Book Image

Mastering Predictive Analytics with Python

By : Joseph Babcock
Book Image

Mastering Predictive Analytics with Python

By: Joseph Babcock

Overview of this book

The volume, diversity, and speed of data available has never been greater. Powerful machine learning methods can unlock the value in this information by finding complex relationships and unanticipated trends. Using the Python programming language, analysts can use these sophisticated methods to build scalable analytic applications to deliver insights that are of tremendous value to their organizations. In Mastering Predictive Analytics with Python, you will learn the process of turning raw data into powerful insights. Through case studies and code examples using popular open-source Python libraries, this book illustrates the complete development process for analytic applications and how to quickly apply these methods to your own data to create robust and scalable prediction services. Covering a wide range of algorithms for classification, regression, clustering, as well as cutting-edge techniques such as deep learning, this book illustrates not only how these methods work, but how to implement them in practice. You will learn to choose the right approach for your problem and how to develop engaging visualizations to bring the insights of predictive modeling to life
Table of Contents (16 chapters)
Mastering Predictive Analytics with Python
About the Author
About the Reviewer

Case study: sentiment analysis of social media feeds

Consider a marketing department that wants to evaluate the effectiveness of its campaigns by monitoring brand sentiment on social media sites. Because changes in sentiment could have negative effects on the larger company, this analysis is performed in real time. An overview of this example is shown in the Figure 6.

Figure 6: Diagram of social media sentiment analysis case study

Data input and transformation

The input data to this application are social media posts. This data is available in real time, but a number of steps need to be applied to make it usable by the sentiment-scoring model. Common words (such as and and the) need to be filtered, messages to be selected which actually refer to the company, and misspellings and word capitalization need to be normalized. Once this cleaning is done, further transformations may turn the message into a vector, with a count of each word in the model's allowed vocabulary, or hashed to populate a fixed-length vector.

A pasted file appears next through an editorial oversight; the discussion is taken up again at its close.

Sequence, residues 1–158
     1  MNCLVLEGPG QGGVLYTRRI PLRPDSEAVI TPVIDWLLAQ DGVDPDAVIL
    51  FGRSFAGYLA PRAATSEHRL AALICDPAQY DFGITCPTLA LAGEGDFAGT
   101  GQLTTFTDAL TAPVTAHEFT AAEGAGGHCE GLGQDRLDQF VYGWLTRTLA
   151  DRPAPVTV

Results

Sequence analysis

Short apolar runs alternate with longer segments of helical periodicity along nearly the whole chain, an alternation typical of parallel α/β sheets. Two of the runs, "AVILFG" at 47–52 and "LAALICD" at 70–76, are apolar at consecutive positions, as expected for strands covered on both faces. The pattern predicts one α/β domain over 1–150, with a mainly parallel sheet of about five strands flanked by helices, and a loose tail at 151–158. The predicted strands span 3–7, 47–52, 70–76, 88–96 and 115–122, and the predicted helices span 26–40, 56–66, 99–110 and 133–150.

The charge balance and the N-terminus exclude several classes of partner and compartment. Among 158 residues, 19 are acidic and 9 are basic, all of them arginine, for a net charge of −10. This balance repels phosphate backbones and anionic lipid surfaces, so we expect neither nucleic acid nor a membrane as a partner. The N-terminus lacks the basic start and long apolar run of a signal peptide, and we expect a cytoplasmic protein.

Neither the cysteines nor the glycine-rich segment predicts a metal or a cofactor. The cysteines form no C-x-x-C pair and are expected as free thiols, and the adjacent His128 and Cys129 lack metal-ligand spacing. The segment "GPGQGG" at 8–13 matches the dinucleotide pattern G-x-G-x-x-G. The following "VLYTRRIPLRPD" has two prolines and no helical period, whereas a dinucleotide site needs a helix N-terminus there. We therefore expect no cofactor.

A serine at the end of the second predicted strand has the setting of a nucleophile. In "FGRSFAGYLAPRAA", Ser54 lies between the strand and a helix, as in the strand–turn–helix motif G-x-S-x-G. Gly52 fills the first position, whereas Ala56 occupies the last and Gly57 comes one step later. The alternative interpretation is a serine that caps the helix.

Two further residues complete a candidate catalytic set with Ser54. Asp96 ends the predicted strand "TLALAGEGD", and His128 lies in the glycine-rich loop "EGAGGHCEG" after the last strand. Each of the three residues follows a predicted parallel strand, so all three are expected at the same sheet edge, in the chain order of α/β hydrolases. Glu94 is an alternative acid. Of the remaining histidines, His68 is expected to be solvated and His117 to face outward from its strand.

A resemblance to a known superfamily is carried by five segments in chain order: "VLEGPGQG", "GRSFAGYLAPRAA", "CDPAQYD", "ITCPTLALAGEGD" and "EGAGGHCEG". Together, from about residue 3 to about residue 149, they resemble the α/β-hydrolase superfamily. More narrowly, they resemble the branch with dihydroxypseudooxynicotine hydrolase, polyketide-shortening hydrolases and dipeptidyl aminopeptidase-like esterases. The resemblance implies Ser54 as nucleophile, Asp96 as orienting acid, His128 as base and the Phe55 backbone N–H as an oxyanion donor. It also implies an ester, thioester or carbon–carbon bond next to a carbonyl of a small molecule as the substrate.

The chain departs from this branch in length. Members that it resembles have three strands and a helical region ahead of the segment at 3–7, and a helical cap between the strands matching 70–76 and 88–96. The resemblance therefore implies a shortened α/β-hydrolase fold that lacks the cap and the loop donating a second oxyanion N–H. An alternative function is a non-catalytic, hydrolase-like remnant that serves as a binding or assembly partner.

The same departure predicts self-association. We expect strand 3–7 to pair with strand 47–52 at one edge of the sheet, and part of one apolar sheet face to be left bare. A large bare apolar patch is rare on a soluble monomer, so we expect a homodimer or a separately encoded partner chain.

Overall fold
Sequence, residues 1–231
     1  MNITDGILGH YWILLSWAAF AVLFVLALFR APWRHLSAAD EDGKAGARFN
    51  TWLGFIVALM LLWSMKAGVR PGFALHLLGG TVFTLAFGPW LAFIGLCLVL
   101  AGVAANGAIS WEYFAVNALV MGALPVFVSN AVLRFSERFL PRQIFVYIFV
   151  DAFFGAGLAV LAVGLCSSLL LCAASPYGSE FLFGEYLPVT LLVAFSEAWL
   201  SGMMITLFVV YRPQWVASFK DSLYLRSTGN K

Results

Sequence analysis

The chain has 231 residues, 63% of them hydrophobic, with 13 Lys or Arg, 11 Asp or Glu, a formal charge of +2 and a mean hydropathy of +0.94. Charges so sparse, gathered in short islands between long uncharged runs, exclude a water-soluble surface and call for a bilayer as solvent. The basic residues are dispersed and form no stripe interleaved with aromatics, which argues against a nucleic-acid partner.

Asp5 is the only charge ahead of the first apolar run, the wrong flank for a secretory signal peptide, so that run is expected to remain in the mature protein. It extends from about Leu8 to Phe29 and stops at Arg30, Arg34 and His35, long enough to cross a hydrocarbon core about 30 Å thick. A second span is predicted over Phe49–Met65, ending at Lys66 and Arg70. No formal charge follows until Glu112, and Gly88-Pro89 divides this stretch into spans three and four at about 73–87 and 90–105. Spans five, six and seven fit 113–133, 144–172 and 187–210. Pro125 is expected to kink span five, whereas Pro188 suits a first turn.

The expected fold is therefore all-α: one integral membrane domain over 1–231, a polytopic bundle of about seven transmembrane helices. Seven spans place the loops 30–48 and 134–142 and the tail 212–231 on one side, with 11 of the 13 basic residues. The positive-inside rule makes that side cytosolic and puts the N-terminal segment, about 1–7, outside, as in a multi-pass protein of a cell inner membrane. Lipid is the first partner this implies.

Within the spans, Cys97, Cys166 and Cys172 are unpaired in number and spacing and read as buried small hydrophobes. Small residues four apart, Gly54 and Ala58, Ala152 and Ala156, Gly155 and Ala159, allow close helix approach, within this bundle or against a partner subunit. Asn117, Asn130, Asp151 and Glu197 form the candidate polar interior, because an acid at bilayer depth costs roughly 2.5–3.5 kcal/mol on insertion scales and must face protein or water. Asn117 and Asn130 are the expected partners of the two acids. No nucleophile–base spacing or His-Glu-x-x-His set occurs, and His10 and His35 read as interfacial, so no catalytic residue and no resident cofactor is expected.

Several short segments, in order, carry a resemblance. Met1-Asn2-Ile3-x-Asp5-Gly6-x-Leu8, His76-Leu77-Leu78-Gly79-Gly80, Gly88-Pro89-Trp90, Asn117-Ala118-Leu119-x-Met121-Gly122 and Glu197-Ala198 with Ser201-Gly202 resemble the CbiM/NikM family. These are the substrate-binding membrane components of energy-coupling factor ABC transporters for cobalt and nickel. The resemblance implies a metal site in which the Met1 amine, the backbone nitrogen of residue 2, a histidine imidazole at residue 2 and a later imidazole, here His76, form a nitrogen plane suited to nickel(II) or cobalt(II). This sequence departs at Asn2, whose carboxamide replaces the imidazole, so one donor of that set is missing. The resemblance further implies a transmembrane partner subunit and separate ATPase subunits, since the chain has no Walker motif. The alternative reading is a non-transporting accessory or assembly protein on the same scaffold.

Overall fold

Sanity checking

The outputs of the preceding transformations need to be sanity checked – are there any users who account for an unusually large number of messages (which might indicate bot spam)? Are there unexpected words in the input (which could be due to character encoding issues)? Are any of the input messages longer than the allowed message size for the service (which could indicate incorrect separation of messages in the input stream)?

Once the model is developed, sanity checking involves some human guidance. Do the sentiments predicted by the model correlate with the judgment of human readers? Do the words that correspond to high probability for a given sentiment in the model make intuitive sense?

These and other sanity checks can be visualized as a webpage or document summary that can be utilized by both the modeler, to evaluate model health, and the rest of the marketing staff to understand new topics that may correspond to positive or negative brand sentiment.

Model development

The model used in this pipeline is a multinomial logistic regression (Chapter 5, Putting Data in its Place – Classification Methods and Analysis) that takes as input counts of the words in each social media message and outputs a predicted probability that the message belongs to a given sentiment category: VERY POSITIVE, POSITIVE, NEUTRAL, NEGATIVE, and VERY NEGATIVE. While in theory (because the multinomial logistic regression can be trained using stochastic gradient updates), we could perform model training online, in practice this is not possible because the labels (sentiments) need to be assigned by a human expert. Therefore, our model is developed in an offline batch-process each week as a sufficient set of social media messages labelled by an expert becomes available. The hyperparameters of this model (the regularization weight and learning weight) have been estimated previously, so the batch retraining calculates the regression coefficient weights for a set of training messages and evaluates the performance on a separate batch of test messages.


Incoming messages processed by this pipeline can be scored by the existing model and assigned to one of the five sentiment classes, and the volume of each category is updated in real time to allow monitoring of brand sentiment and immediate action if there is an extremely negative response to one of the marketing department's campaigns.

Visualization and reporting

As the model scores new social media messages, it updates a real-time dashboard with the volume of messages in each category compared to yesterday, the preceding week, and the preceding month, along with which words are given most weight in this week's model for the different classes. It also monitors the presence of new words, which may not have been present in the model's vocabulary, and which could indicate new features that the model cannot appropriately score, and suggest the need for inter-week retraining. In addition to this real-time dashboard, which the marketing department uses to monitor response to its campaigns, the analyst develops a more detailed report concerning model parameters and performance along with input dataset summary statistics, which they use to determine if the model training process each week is performing as expected, or if the quality of the model is degrading over time.